Black History Month: Honouring the Past, Embracing the Present, Shaping the Future.

February 2, 2024
Website Admin
Black people graphic in colours of black history month, red, black, green and yellow.

As we celebrate Black History Month, it’s important to acknowledge the significant contributions of Black Canadians to the field of social work and the broader society. Black Canadians have a rich history that spans over 400 years, with the first person of African heritage known to have arrived in what is now Canada in the 1600s.

Black History Month is not just for Black people; it is an opportunity for the world to learn about these contributions. The month’s events and discussions aim to demystify critical race theory, understand the historical call for financial restitution to Black Canadians and Americans, and explore Afrofuturism. These activities provide a platform for engaging in thoughtful discussions and reflecting on the excellence of the Black community.

Over the centuries, Black communities have been established across Canada, some as a result of war and others through the Underground Railroad, a network of secret routes and safe houses that helped enslaved African Americans escape to free states and Canada.

As social workers, it’s essential to recognize and honour the diverse experiences of the Black community. Racial equity and justice are at the core of our profession, and Black History Month provides an opportunity to reflect on the impact of racism on people’s social, economic, health, and environmental conditions.

In the realm of social work, Black Canadians have made significant strides. For instance, Senator Wanda Thomas Bernard, a proud social worker, founded the Association of Black Social Workers in 1979. In 1990, she became a professor at the Dalhousie School of Social Work, and in 2017, she was the first African Canadian to be appointed Professor Emeritus in the School of Social Work.

Black social workers have been instrumental in advancing best practices and quality of care with culturally responsive and evidence-based approaches to empower and uplift Black communities. They have also been at the forefront of advocating for culturally appropriate education and training around Anti-Black Racism, raising awareness around social issues that impact marginalized populations.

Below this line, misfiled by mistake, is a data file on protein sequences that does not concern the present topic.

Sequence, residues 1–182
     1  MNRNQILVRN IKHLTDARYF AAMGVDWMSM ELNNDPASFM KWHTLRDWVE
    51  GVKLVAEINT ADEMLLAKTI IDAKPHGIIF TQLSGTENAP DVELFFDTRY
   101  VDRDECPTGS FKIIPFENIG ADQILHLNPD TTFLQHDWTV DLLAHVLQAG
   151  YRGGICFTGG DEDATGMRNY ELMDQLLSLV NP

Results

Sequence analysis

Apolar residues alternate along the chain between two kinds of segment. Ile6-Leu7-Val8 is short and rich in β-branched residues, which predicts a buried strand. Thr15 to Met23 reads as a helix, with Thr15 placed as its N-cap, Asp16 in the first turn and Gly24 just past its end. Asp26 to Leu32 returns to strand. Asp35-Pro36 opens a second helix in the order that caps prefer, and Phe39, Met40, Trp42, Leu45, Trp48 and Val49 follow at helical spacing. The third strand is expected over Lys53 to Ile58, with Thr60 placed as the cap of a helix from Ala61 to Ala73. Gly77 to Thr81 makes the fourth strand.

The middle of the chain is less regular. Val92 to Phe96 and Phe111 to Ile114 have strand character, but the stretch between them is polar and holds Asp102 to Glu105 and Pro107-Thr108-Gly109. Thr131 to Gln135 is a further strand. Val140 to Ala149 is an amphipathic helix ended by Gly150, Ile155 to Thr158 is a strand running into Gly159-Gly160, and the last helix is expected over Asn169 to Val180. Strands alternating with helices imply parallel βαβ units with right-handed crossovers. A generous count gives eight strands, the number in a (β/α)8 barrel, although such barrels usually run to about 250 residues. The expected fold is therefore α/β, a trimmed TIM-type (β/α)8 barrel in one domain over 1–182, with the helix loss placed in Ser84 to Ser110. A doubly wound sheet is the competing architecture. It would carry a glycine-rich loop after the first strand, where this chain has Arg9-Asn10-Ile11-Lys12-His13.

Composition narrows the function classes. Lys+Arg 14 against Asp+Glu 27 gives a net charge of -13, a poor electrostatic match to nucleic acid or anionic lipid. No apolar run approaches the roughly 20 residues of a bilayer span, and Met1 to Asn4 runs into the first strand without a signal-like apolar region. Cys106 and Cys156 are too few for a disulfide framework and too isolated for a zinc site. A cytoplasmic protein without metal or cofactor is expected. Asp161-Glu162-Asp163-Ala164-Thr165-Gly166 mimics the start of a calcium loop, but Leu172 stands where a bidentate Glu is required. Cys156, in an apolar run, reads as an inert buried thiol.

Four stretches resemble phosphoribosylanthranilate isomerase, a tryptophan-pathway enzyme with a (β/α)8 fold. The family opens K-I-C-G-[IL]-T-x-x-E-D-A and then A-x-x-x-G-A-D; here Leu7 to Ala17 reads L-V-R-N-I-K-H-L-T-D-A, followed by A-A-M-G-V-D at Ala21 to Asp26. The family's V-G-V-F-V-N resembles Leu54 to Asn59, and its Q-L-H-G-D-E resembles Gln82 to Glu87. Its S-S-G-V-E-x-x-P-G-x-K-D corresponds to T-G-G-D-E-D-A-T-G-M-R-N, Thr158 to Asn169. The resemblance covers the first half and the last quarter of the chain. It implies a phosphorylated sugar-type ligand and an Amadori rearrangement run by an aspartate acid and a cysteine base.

This month, several events are taking place that highlight the work of Black social workers. These include the “Black Voices in Social Work Series” from February 7th to May 1st, 2024, which spotlights Black innovation, leadership, and Black-centric approaches in social work. The “International Social Service Canada – Social Work beyond Borders” webinar on February 9th, 2024, emphasizes the global perspective of social work. The “SABSW/SASW Panel – Allies, Accomplices and Co-conspirators: challenges, opportunities and a way forward” on February 15th, 2024, discusses the challenges and opportunities in social work.

As we celebrate Black History Month, let’s remember the significant contributions of Black Canadians to social work and continue to learn from their experiences and insights. Their work has not only shaped the field of social work but also continues to influence the broader society in Canada. Let’s reaffirm our commitment to undoing racism and promoting racial equity in our profession. By acknowledging the past, celebrating the present, and working towards a more just and inclusive future, we honour the legacy of Black individuals and contribute to a more equitable society.


BC Black History Awareness Society. (n.d.). Black History Month.

Canadian Association of Social Workers. (2022, February 24). Celebrating Pioneers of African Descent in Social Work: Passing the Torch.

Canadian Association of Social Workers. (2024, January 12). Le service social international, au-delà des frontières.

Canadian Association of Social Workers. (n.d.). Black Voices in Social Work.

Canadian Association of Social Workers. (n.d.). International Social Service Canada – Social work beyond borders.

Canadian Heritage. (2024, January 30). February is Black History Month.

Canadian Heritage. (n.d.). Historic Black communities.

City of Toronto. (n.d.). Black History Month.

Connect2Canada. (n.d.). Advancing Diversity and Inclusion: Black History Month.

Government of Canada. (n.d.). Social determinants and inequities in health for Black Canadians: A Snapshot.

Historica Canada. (n.d.). Black History in Canada.

McMaster University. (n.d.). Pioneers of Black Mental Health.

National Association of Social Workers. (n.d.). [Document Title].

National Union of Public and General Employees. (2024). NUPGE celebrates Black Canadians in the labour movement.

Ontario Association of Social Workers. (n.d.). Black Voices in Social Work.

Statistics Canada. (n.d.). Black History Month: Celebrating heritage and diversity.

Statistics Canada. (n.d.). Black History Month: Honouring and celebrating Black people in Canada.

Schefft, Melanie. “Why We Still Need Black History Month.” UC News, Melanie Schefft, 26 Jan. 2023,

Tandfonline. (2016). [Article Title].

The Canadian Encyclopedia. (n.d.). Black Canadians.

The Canadian Encyclopedia. (n.d.). Black History Until 1900.

CBC Docs POV. (n.d.). 5 Black Canadian leaders who inspired a generation.

CBC Kids. (n.d.). Famous Black communities across Canada.

Western Financial Group. (n.d.). What Do You Know About Canada’s Black Communities?

Wikipedia. (n.d.). Black Canadians.

Wikipedia. (n.d.). Black History Month.